I once had a brilliant teacher in college who I admired greatly because of his intellect and his charismatic personality, marveling at his encyclopedic knowledge of text and human nature. One incident, however, changed my perception of him. He verbally assaulted a student who disagreed with him. The professor, full of himself, assumed that his way of perceiving things was the only way, and the student implicitly was stupid.
In truth, the student was devastated by the teacher’s remarks, and afterwards confided in me that he, too, looked up to the teacher but was totally unnerved by his comments. To ease his emotional pain, I told my friend that the teacher may have been under unusual stress and that is why he responded so harshly to him. But, inwardly, I was troubled by the entire interchange.
Subsequently I discovered that the teacher, brilliant as he was, actually believed the press releases that praised him. He lacked humility, thinking that he deserved all the accolades that were heaped upon him. Several years later, he lost his position at the college and labored for the rest of his life in academic obscurity.
This human trait of believing you are more than what you are is at the core of The Man Who Would be King, the story of two British sergeants, Peachy Carnehan and Danny Dravot, who travel to a remote mountain village in Afghanistan to seek their fortunes. Arriving in Kafiristan, a land plagued by marauding bands, they offer their services to the local population whose homes are continually attacked. Serving as military advisors and soldiers, they lead the locals to victory over the enemy.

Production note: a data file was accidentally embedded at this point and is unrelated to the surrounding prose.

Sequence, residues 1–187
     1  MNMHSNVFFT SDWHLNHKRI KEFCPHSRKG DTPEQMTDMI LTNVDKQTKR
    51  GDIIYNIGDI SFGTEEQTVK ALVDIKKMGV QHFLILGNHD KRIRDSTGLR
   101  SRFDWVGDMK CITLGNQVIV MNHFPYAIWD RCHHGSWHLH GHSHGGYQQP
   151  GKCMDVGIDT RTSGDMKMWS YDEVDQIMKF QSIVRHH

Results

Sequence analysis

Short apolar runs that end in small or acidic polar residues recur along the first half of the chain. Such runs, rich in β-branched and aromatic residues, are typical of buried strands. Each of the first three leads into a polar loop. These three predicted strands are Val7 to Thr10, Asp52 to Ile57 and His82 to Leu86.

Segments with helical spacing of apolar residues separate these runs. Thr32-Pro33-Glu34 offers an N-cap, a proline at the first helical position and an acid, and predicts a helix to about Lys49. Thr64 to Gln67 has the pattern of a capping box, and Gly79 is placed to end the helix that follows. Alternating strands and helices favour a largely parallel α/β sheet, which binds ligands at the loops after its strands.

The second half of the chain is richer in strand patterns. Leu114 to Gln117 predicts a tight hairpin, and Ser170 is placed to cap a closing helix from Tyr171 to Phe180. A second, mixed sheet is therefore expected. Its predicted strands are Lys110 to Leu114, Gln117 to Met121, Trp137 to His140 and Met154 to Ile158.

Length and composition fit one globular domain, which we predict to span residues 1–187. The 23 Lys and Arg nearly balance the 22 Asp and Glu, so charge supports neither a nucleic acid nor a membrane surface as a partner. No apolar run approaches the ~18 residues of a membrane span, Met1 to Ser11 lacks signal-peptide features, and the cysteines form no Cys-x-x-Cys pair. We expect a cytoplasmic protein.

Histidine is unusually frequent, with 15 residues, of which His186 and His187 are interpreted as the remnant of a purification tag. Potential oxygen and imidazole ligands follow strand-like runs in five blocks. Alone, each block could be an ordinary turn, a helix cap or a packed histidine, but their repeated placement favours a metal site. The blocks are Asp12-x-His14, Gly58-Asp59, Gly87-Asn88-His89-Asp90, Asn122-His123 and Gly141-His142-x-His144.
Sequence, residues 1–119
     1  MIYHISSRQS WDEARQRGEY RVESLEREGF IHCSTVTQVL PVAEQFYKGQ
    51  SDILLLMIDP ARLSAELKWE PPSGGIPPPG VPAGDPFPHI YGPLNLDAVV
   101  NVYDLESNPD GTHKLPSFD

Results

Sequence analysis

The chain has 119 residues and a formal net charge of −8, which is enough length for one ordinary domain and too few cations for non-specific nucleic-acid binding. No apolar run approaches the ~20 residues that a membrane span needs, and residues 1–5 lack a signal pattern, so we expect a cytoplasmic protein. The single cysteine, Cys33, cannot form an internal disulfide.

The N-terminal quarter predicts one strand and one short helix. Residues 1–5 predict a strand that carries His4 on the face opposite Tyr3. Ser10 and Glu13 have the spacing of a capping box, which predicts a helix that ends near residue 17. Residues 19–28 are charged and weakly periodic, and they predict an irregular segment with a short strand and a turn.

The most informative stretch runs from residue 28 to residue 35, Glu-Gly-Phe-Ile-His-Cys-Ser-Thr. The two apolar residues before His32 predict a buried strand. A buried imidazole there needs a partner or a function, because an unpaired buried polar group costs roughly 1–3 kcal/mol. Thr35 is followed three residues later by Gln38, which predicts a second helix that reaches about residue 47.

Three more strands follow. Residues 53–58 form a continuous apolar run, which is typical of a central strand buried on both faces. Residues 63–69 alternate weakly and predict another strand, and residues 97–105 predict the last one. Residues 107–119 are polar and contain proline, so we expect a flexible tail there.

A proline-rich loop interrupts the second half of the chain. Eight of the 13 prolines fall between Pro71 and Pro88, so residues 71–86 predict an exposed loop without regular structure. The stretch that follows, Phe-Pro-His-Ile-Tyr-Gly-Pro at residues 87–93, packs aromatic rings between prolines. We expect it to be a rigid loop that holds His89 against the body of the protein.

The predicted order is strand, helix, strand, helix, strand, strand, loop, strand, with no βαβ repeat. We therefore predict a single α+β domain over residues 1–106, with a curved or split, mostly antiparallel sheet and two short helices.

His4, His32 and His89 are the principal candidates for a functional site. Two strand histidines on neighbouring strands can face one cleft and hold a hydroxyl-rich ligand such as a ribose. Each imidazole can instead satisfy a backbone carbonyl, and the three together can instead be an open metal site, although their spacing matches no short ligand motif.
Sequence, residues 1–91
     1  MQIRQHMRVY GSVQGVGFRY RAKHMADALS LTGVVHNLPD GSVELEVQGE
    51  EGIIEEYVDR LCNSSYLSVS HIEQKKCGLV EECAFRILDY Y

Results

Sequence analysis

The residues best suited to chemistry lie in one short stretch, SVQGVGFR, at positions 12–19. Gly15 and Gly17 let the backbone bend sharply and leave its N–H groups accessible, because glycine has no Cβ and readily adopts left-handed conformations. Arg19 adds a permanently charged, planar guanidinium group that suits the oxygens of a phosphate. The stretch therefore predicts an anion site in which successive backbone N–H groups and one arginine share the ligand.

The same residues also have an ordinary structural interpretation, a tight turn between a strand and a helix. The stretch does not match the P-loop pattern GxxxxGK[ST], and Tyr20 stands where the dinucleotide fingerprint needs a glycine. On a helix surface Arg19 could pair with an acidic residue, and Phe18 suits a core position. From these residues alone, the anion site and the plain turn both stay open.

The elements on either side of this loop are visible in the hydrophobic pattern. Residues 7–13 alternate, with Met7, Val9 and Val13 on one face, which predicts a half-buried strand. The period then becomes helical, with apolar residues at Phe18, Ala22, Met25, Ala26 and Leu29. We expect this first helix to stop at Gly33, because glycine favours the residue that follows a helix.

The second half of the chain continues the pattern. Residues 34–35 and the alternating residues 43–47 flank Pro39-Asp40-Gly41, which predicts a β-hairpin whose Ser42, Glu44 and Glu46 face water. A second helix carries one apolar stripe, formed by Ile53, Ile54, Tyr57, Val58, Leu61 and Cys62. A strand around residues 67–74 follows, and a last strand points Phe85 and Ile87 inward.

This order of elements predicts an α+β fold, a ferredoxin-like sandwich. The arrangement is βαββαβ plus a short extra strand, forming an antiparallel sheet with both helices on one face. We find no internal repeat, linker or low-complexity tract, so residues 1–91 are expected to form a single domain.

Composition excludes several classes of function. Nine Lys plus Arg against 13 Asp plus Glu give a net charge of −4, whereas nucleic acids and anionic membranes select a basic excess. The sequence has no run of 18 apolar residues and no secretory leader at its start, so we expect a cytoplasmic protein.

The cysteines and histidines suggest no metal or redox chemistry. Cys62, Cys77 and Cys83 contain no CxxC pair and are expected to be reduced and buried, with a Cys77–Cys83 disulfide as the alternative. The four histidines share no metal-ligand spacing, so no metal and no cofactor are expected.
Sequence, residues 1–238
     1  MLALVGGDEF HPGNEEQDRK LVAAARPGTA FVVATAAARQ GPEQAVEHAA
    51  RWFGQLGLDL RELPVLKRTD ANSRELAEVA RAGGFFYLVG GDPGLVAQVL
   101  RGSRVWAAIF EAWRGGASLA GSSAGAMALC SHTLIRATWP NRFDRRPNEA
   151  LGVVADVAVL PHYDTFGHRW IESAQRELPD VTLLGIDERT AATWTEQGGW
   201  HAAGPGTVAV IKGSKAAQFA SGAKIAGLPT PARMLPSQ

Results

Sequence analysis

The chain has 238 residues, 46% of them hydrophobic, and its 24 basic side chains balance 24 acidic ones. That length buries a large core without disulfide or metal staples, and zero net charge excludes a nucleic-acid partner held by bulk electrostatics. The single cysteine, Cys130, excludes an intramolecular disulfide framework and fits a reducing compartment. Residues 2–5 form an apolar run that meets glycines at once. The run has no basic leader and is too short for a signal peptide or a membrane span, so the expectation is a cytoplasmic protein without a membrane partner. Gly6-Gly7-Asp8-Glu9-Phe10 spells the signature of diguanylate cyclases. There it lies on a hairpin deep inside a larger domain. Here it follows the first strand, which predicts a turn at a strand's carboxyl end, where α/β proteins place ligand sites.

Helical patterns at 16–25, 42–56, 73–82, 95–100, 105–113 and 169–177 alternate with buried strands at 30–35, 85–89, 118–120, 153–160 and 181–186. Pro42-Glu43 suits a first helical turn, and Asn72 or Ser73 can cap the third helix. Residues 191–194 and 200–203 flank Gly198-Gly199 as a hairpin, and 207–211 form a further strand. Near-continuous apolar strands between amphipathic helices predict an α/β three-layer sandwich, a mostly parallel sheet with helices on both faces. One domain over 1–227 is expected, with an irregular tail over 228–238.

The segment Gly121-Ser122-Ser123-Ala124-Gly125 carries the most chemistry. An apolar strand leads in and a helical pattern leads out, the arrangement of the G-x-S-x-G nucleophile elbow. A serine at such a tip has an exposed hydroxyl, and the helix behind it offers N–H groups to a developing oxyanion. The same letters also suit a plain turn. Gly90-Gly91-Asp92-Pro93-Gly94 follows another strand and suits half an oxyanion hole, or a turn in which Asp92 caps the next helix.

In one of the battles, an arrow strikes Danny in the chest, but he does not die. The natives do not realize that the arrow has lodged in a leather ammunition belt beneath his shirt. They simply see Danny as a divinity, impervious to death.
Soon after, they are invited to the holy city of Sikandergul, where the chief high priest sets up a test to determine whether Danny is a man or a god by seeing whether or not he bleeds. An archer shoots an arrow at Danny, who flinches. When the people seize him, thinking he is a fraud, they discover that Danny is wearing a Masonic jewel, whose symbol the priest recognizes is the symbol of Alexander the Great, who passed through the country many years before. That linkage convinces the holy men that Danny is a direct descendant of Alexander, and they lead Peachy and Danny to the storeroom where Alexander’s riches are stored, a formidable treasure which now belongs to Danny as king.
Peachy now wants to leave as soon as possible, taking with him as much treasure as possible. Danny, however, does not want to go. He enjoys being king, and even wants to take a wife to insure that his descendants will rule after him and foster Kafiristan’s continued stability. That desire to maintain his position as king proves to be his undoing.
Jewish tradition praises the humble person. Moses, the humblest of all men according to the Bible, wants neither recognition nor power. Moreover, the Talmud tells us to be wary of overreaching. If you grab too much, say our Sages, you will acquire nothing. This lesson Danny does not learn until it is too late.
The Man Who Would Be King is a rousing adventure story, but it is also a cautionary tale about the dangers of arrogance and not being content with what one already possesses.